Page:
In­vest­ment: To­tal re­turn of a stock an im­por­tant fac­tor to con­sider

Div­i­dends have had a great im­pact on the JSE’s to­tal re­turn over the years, but in­vest­ing only in shares that pay large div­i­dends doesn’t guar­an­tee suc­cess.

Finweek English Edition - - MARKETPLACE - By Schalk Louw ed­i­to­rial@fin­week.co.za Schalk Louw is a port­fo­lio man­ager at PSG Wealth. *fin­week is a pub­li­ca­tion of Me­dia24, a sub­sidiary of Naspers.

in­vest­ing in shares isn’t al­ways as easy as it seems. On the one hand, you have fa­mous in­vest­ment ex­perts who will point out that ac­cord­ing to their in­vest­ment recipe, div­i­dends, and more specif­i­cally the growth at­tached to com­pany div­i­dends, is the key to suc­cess. On the other hand, you have equally suc­cess­ful in­vestors who will show you that their key to suc­cess lies in in­vest­ing in com­pa­nies that do not pay out prof­its in the form of div­i­dends, but who in­vest that cap­i­tal in fur­ther ex­pan­sions and growth.

War­ren Buf­fett loves to in­vest in com­pa­nies which are able to pro­vide growth on div­i­dends over time. How­ever, his own com­pany, Berk­shire Hath­away, doesn’t pay out any div­i­dends, and rather chooses to in­vest that cap­i­tal. Does that make Berk­shire Hath­away a bad com­pany to in­vest in? Not at all.

The one dis­ad­van­tage of the huge em­pha­sis on high div­i­dend-pay­ing shares is that in­vestors are of­ten so fo­cused on the pay­ment and growth of th­ese div­i­dends that they com­pletely for­get about the to­tal re­turn on the un­der­ly­ing in­vest­ment. But what ex­actly does to­tal re­turn (TR) mean?

The TR on a share, for ex­am­ple, is as ob­vi­ous as the term sug­gests – the to­tal re­turn on that par­tic­u­lar un­der­ly­ing in­vest­ment. The TR on shares that do not pay out div­i­dends is cal­cu­lated by sim­ply de­ter­min­ing the dif­fer­ence be­tween cost and cur­rent pric­ing. In order to de­ter­mine the TR on shares that do pay out div­i­dends, how­ever, you need to cal­cu­late the amount in div­i­dends paid out and rein­vested in your ex­ist­ing port­fo­lio, in ad­di­tion to the dif­fer­ence be­tween cost and cur­rent pric­ing.

The TR on a share/com­pany is driven mainly by growth on earn­ings, div­i­dends and, of course, changes in val­u­a­tions. If we have a look at one of the most suc­cess­ful com­pa­nies on the JSE for the last two decades, namely Naspers*, you will note that not un­like Berk­shire Hath­away, Naspers isn’t fa­mous for pay­ing out div­i­dends. The com­pany is more fo­cused on rein­vest­ing share­hold­ers’ cap­i­tal. The one main ad­van­tage of a com­pany that doesn’t rein­vest all of its prof­its by pay­ing out div­i­dends is that it helps share­hold­ers to clear a few chips off the ta­ble ev­ery now and then, so to speak. The JSE lost 30% or more of its value three times over the last 20 years, in 1998, 2002 and 2008 re­spec­tively. Over the same pe­riod, Naspers ex­pe­ri­enced a cor­rec­tion of 30% or more in 1997, 1998, 2000, 2001, 2002, 2007 and 2008. Take note that this only in­cludes a price drop of 30% or more. If we ad­just this to 20% or more, the re­sults would be even more shock­ing. Whether you be­lieve in div­i­dends or not, they re­main a huge com­po­nent of the JSE’s to­tal re­turn. This is clearly vis­i­ble in the ta­ble be­low, where div­i­dends have made up an av­er­age of nearly 47% of the FTSE/JSE All Share In­dex’s to­tal re­turn over the decades since the 1960s. An in­vest­ment of R100 in 1967 would be worth roughly R296 000 today if you had rein­vested div­i­dends, while it would have been worth only R38 645 if you had with­drawn all of your div­i­dends. As great an im­pact as div­i­dends have had on the JSE’s to­tal re­turn over the years, it still doesn’t of­fer any guar­an­tees for the suc­cess of such an in­vest­ment in the fu­ture. Buy­ing shares based only on their high pay-out abil­ity re­mains a one-di­men­sional strat­egy. I would rec­om­mend in­vestors com­bine this strat­egy with other suc­cess­ful meth­ods, ra­tios and in­vest­ment aids. A gourmet meal, af­ter all, isn’t com­posed of only one in­gre­di­ent.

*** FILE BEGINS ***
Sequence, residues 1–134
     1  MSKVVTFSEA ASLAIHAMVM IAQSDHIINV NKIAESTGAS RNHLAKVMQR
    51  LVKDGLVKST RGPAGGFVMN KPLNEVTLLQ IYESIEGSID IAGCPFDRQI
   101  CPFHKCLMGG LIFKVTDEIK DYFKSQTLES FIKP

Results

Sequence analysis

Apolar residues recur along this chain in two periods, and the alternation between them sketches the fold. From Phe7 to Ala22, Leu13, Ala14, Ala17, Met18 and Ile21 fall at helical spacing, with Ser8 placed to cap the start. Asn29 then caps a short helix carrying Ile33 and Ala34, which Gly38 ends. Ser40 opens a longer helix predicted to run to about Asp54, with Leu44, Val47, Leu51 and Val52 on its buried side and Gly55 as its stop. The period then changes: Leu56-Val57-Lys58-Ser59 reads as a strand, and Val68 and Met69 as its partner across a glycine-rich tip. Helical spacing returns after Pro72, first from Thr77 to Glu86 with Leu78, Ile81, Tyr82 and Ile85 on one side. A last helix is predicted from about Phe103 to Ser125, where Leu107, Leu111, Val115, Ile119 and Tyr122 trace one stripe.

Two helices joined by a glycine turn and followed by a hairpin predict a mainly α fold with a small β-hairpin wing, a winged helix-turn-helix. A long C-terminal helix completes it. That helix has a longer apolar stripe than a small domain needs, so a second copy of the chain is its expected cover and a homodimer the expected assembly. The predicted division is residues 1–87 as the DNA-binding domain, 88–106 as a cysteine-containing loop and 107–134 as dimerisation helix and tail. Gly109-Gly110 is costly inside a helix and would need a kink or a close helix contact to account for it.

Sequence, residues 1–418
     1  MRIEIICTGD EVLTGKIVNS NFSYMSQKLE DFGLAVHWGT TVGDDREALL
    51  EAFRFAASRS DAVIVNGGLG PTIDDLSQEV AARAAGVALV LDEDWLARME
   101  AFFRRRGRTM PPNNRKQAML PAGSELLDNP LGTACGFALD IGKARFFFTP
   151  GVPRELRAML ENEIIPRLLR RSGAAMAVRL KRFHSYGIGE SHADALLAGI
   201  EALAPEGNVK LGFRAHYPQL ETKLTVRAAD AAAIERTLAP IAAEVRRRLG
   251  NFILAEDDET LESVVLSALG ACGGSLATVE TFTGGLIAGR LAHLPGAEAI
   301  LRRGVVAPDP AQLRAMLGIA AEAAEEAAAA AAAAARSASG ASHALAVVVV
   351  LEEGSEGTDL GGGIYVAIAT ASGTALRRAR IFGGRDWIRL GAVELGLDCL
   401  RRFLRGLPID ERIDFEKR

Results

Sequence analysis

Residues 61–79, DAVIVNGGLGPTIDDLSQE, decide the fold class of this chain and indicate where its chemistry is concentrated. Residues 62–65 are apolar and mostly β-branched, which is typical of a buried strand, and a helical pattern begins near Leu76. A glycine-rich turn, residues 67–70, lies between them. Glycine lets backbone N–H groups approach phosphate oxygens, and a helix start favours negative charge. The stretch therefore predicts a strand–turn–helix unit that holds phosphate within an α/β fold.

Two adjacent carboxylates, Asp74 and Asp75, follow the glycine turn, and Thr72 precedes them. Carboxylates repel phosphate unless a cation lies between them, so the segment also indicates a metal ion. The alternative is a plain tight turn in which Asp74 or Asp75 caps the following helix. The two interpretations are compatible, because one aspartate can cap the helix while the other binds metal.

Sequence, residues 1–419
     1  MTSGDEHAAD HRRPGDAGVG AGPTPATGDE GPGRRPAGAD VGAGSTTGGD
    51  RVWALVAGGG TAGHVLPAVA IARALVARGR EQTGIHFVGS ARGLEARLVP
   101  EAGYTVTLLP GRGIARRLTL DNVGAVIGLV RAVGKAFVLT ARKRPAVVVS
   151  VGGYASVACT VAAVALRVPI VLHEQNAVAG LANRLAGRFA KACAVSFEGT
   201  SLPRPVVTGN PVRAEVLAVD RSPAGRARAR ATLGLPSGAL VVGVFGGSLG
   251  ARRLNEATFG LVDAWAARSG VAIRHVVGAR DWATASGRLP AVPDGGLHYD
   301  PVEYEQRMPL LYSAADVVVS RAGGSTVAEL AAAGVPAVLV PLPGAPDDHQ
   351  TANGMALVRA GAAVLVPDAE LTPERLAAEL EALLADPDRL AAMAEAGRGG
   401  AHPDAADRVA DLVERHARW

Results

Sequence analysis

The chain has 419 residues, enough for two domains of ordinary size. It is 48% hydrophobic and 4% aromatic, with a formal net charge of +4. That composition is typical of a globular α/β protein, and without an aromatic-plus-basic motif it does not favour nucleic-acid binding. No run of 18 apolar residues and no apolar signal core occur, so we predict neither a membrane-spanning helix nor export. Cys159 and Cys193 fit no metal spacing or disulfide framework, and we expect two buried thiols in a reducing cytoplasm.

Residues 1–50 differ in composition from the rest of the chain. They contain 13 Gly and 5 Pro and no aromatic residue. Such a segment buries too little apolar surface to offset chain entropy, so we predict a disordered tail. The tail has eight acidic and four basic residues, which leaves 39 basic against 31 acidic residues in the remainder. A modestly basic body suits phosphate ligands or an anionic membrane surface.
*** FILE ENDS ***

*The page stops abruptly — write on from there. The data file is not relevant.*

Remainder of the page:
An in­vest­ment of R100 in 1967 would be worth roughly R296 000 today if you had rein­vested div­i­dends.

War­ren Buf­fett Busi­ness mag­nate and in­vestor

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